Why Your Thin Content Pages Hurt Your Rankings?

You’re about to learn about thin content pages and why they are harmful to your site. If you own a personal blog or business website, you likely pay close attention to your search engine rankings. You might have even done a lot of research to maximize your ranking potential. However, there is one very overlooked aspect of ranking you might not have considered.

“Thin Content Pages.”

What is Thin Content?

A thin content page is a page on your site that offers little to no value to your visitors. However, that’s not always the case. You may have a page that offers tremendous value, but it has little textual content.

Search engines place a value on each page, and they place a value on a website. Thin content pages are those pages on your site that are likely there because you blogging theme; such as WordPress automatically generated them. They may also be pages you haven’t yet completed.

Why is Thin Content Harmful?

When search engines like Google go through your site, the ranking algorithm takes a note;

How long each page is? 

It counts how many words each page has. Typically, website pages with more words provide more value to its readers. These are called rich content or cornerstone pages. They’re like a library of content that contain many links to other pages in your site.

A thin content page does not provide a lot of information to your website visitors. Also, it doesn’t point to many other pages on your site. It just sits there, existing for nearly no reason.

How Do I Find These Pages?

You can perform a simple Google search to see all pages it has discovered.

Do this by typing in “site:yoursitename.com,” into its search engine.

This command might be slightly different for other search engines. You’ll see a result of all pages on your site that Google has indexed. Click through the pages of results. Chances are, after a few pages or so, you’ll notice these pages are foreign to you. They might be category pages, tag pages or files you uploaded. Perhaps they are author profiles are long since abandoned.

This process can be quite an eye-opening. It’s likely you have forgotten or never paid attention to these pages!

However, Google pays attention to them, and they take into consideration when determining how valuable your site is.

What Should I Do About Thin Content Pages?

There’s a simple piece of HTML code; you can place on the pages you do not want Google or other search engines to pay attention to.

This piece of code goes in between the

<head>… </head> 

section of your website.

It’s called a meta tag. This tag will tell search engine “spider bots” not to pay attention nor list the page in your index. This tag also tells search engines not to take that page into consideration; when determining the content authority of your website.

The tag is as follows:

<meta name=”robots” c nofollow”>

Copy and paste this code into all thin content pages you do not want to appear in search engines. Because, most spider bots will ignore these pages and move on to the next.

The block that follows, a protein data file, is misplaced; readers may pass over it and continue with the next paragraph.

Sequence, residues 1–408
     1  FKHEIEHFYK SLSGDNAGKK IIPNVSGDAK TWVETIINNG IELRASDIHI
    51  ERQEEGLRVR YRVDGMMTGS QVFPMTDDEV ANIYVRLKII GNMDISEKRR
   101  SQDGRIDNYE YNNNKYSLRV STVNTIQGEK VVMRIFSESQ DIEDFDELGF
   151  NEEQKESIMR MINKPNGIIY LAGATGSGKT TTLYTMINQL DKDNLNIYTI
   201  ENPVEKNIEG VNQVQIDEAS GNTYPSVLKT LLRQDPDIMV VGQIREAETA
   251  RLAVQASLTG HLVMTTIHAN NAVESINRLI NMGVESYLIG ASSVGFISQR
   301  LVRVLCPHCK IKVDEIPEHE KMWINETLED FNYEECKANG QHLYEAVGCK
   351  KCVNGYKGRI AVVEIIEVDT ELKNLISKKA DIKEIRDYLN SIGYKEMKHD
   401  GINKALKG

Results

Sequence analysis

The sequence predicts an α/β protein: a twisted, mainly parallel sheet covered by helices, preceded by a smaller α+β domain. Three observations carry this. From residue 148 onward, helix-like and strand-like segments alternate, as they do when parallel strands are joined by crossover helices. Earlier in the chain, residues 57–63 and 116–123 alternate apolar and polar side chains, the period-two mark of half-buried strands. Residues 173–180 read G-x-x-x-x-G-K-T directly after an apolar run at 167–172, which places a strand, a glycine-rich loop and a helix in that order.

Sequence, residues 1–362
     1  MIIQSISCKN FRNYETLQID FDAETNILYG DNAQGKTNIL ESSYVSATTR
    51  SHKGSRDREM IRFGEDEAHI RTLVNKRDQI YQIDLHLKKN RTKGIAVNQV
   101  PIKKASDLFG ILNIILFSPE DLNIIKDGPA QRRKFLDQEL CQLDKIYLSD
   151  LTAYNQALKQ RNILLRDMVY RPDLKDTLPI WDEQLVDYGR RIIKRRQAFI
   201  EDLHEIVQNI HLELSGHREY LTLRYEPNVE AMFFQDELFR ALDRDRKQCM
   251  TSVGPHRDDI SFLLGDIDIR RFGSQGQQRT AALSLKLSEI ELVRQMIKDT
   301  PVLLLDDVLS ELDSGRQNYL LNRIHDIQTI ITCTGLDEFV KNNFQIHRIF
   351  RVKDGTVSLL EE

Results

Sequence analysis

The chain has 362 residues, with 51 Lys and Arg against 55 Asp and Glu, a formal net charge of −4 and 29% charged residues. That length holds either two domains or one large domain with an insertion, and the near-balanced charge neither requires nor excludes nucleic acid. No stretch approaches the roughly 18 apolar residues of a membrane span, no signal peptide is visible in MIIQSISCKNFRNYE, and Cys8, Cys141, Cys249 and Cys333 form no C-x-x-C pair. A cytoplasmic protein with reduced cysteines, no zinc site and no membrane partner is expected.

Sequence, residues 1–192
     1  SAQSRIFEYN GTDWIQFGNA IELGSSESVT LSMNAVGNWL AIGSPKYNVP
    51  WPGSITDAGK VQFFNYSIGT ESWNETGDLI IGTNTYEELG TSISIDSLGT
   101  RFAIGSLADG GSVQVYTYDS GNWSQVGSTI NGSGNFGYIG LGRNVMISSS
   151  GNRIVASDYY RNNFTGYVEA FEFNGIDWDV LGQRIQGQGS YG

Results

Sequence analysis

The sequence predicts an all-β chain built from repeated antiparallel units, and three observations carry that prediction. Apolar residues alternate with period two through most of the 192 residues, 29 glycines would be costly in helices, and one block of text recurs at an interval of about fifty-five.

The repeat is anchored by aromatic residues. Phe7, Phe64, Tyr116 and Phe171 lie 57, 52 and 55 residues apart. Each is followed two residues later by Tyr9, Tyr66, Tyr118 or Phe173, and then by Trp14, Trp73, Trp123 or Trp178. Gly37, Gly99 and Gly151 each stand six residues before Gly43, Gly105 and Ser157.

Noindex” tells the search engine bot not to place it in their index.

Nofollow” tells the robot not to navigate to any links on that page. It’s as if that page never existed to the search engines.

What Thin Content Pages Should I Keep Indexed?

You’ll want to avoid placing the above-mentioned code on pages that offer value to your visitors. These pages most likely fill with images or videos opposed to text.
These rich media pages offer tremendous value, and even search engines know this. Part of their algorithm determines;

What pages are alternative media?

And they’re weary to offer a thin content label on these pages. Therefore, always keep a page indexed if it will be heavily trafficked.

What About Categories and Tags?

Most blogging and content management frameworks such as WordPress will automatically generate a category and tag pages. That contain blog posts in that category or tag. These is a confusion whether they are thin content.

You must decide whether you consider them worthy to be indexed. One consideration to keep in mind is that these pages have little unique content; as they’re filled with excerpts of content from other pages on your site.

Therefore, even though a category or tag page has a lot of content, none of it is unique. The choice is yours. Some blog owners prefer only unique content pages for listing in the search engines.

One Final Note About Thin Content

Nothing is almost black or white in this topic. There are some highly worded pages that search engines consider low-value. Also, there are some thin content pages they consider very high value. It’s all assessed on a case-by-case basis.

Use your best judgment and intuition whether you feel these are necessary in the search engines.

By cleaning up the thin content pages, you will have improved success in the rankings of your website.

Do your best to fill out all pages with rich, engaging, educational, and compelling content. By doing so, you’ll eventually learn first-hand of the popular phrase, “Content Is King.”

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